November 2019: Being Set Apart
The apostles gathered around Jesus, and told him all that they had done and taught. He said to them, ‘Come away to a deserted place all by yourselves and rest a while.’ For many were coming and going, and they had no leisure even to eat. And they went away in the boat to a deserted place by themselves. Now many saw them going and recognized them, and they hurried there on foot from all the towns and arrived ahead of them. (Mark 6:30-33)
Separation for a time, from just about anything, gives us new perspectives, a distance that can be good or difficult, and often a much-needed break before we return with renewed energy. When used for building ourselves up and increasing our capacity for giving then our withdrawing for a time becomes a gift from God to the contexts where God sends us next as well.
We put a distance between ourselves and some parts of our ‘normal’ life, in order to pursue a new intimacy with Jesus, a greater capacity for joy and new ways to share the love of God.
Living it out in Community
The entire experience was putting distance between ourselves and our ‘normal’ life – quite literally, as we moved 16884.43 kilometres away for a monastic year. Having five different retreats throughout the year, and time with other monastic communities meant we were essential having monastic breaks from monastic life! On a day to day basis we had several hours of silence every morning, as well as specific times at either end of the day to pray and read the Bible. This ‘withdrawing’ was an important part of maintaining community life.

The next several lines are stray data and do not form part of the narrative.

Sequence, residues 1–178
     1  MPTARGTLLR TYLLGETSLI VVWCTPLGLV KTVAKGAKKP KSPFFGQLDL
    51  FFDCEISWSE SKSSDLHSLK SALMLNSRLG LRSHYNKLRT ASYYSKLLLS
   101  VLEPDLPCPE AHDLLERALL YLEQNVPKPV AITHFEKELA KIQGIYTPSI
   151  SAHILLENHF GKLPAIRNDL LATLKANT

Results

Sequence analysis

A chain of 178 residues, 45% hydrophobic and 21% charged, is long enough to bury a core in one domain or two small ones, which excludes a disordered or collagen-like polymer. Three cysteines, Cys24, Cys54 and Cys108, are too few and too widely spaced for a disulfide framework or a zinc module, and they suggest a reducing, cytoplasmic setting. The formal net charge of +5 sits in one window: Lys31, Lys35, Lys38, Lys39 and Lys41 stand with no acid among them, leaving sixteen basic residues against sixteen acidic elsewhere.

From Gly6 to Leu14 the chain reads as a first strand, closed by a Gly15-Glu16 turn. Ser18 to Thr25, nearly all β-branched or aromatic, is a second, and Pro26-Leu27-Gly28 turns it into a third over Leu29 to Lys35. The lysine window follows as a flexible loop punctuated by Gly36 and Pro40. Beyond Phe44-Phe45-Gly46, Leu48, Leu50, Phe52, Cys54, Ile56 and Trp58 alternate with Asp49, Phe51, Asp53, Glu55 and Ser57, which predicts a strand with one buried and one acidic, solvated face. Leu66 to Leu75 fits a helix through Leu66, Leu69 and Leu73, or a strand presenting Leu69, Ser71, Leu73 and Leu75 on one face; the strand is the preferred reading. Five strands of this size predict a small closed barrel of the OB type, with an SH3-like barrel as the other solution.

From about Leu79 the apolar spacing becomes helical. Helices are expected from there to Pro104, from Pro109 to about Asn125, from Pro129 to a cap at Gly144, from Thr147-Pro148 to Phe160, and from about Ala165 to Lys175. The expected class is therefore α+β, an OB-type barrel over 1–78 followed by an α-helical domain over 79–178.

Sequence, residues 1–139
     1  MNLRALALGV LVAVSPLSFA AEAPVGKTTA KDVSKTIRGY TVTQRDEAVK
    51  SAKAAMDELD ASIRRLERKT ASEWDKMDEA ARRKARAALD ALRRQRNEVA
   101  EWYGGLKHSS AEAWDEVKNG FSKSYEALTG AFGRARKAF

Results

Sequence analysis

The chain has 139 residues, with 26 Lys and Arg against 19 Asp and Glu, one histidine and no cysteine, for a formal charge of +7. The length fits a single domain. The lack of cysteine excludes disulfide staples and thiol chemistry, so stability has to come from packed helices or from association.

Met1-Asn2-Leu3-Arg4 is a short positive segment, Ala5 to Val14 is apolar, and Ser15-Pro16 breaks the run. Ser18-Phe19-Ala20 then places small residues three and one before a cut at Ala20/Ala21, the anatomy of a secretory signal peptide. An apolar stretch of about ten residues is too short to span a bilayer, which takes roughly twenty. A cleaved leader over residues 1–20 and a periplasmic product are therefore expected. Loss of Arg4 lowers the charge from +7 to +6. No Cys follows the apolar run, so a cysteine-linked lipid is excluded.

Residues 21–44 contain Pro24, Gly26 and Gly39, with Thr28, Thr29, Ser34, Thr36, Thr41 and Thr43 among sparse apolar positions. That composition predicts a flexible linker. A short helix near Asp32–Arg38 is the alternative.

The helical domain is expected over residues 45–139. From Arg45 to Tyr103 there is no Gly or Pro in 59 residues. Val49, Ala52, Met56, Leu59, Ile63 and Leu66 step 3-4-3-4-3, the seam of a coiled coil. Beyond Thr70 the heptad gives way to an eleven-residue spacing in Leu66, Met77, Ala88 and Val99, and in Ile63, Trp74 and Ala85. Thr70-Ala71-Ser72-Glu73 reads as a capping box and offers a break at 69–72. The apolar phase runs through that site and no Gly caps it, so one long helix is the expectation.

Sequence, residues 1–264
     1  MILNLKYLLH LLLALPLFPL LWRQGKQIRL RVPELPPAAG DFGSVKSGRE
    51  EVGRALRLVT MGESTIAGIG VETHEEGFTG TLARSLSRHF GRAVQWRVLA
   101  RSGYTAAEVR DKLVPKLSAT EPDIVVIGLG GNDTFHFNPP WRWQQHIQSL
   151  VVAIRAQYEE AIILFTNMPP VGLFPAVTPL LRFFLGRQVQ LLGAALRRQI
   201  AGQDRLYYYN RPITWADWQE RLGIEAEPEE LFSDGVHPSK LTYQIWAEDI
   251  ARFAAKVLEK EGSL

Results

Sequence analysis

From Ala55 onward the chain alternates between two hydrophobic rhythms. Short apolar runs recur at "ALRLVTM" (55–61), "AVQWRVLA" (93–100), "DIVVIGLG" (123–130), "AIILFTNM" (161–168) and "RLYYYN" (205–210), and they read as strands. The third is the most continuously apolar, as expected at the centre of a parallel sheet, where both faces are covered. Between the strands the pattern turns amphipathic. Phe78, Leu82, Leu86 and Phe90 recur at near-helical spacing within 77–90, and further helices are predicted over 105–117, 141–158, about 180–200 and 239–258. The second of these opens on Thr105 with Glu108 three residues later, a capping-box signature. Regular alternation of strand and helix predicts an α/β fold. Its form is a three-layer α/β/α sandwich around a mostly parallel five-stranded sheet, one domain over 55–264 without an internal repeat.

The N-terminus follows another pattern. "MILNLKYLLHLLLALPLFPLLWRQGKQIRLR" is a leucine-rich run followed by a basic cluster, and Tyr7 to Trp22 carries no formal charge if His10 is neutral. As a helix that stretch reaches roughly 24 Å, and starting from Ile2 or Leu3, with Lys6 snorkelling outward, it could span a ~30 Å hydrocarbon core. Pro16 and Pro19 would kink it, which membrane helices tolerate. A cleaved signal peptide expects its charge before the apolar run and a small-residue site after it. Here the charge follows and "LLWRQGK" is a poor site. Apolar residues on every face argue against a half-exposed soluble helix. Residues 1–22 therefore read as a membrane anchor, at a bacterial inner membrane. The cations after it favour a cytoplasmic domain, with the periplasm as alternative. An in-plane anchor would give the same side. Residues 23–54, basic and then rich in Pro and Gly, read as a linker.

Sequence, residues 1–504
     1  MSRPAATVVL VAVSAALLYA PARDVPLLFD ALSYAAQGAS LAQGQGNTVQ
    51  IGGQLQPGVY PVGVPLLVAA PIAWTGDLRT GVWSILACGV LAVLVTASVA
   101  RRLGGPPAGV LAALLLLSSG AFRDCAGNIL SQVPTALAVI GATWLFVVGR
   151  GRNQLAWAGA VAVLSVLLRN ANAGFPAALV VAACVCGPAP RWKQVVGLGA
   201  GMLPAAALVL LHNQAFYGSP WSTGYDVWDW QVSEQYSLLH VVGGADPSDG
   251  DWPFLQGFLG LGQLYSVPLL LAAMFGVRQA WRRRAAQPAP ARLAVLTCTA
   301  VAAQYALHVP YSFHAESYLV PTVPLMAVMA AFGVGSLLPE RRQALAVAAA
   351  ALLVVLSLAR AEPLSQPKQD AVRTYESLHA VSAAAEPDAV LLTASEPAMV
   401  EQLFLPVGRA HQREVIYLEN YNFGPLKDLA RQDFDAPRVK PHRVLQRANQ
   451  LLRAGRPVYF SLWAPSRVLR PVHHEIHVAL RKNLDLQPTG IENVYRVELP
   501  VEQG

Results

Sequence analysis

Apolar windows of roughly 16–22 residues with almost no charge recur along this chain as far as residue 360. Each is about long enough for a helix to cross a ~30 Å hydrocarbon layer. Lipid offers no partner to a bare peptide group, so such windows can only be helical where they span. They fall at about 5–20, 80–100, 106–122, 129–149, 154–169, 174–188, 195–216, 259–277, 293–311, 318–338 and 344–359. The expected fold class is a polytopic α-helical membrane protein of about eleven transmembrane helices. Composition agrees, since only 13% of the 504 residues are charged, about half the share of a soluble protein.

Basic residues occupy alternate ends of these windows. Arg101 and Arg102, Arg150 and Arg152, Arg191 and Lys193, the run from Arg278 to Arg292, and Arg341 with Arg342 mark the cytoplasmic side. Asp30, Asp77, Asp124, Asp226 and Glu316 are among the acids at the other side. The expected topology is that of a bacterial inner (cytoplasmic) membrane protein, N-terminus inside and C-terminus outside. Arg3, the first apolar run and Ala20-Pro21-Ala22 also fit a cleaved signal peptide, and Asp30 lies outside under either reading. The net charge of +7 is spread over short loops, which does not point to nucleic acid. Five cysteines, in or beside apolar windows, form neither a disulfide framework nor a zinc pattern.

Living it out as an Alumni
Here are three simple practices I’ll be doing in November to live out this rule of life more intentionally.
One: Do Bible reading at night. Mornings are not my thing and there is never space for “quiet time” in this stage of life with a toddler. I’m much more alert at night and I can combine Bible reading with my end-of-day Ignatian-style reflection in my Monk Manual and Evening Prayer on podcast.
Two: Incremental changes to technology. Since losing my Garmin watch in Malaysia, my phone is back following me everywhere. Every time I make progress in this area, I relapse. One thing I can do, is put my phone in a different room when I sleep (all the books recommend that!) and set up an alarm clock. Not that I’ll need to set it, as my toddler alarm does a pretty great job every morning! I’m hoping the book (below) will help me in this area also.
Three: Read a Book!
I’ll be reading through Rhythms of Renewal by Rebekah Lyons and alongside that the journal companion. The four things she talks about are rest, restore, connect and create. I’ll be focussing on the first two, in November.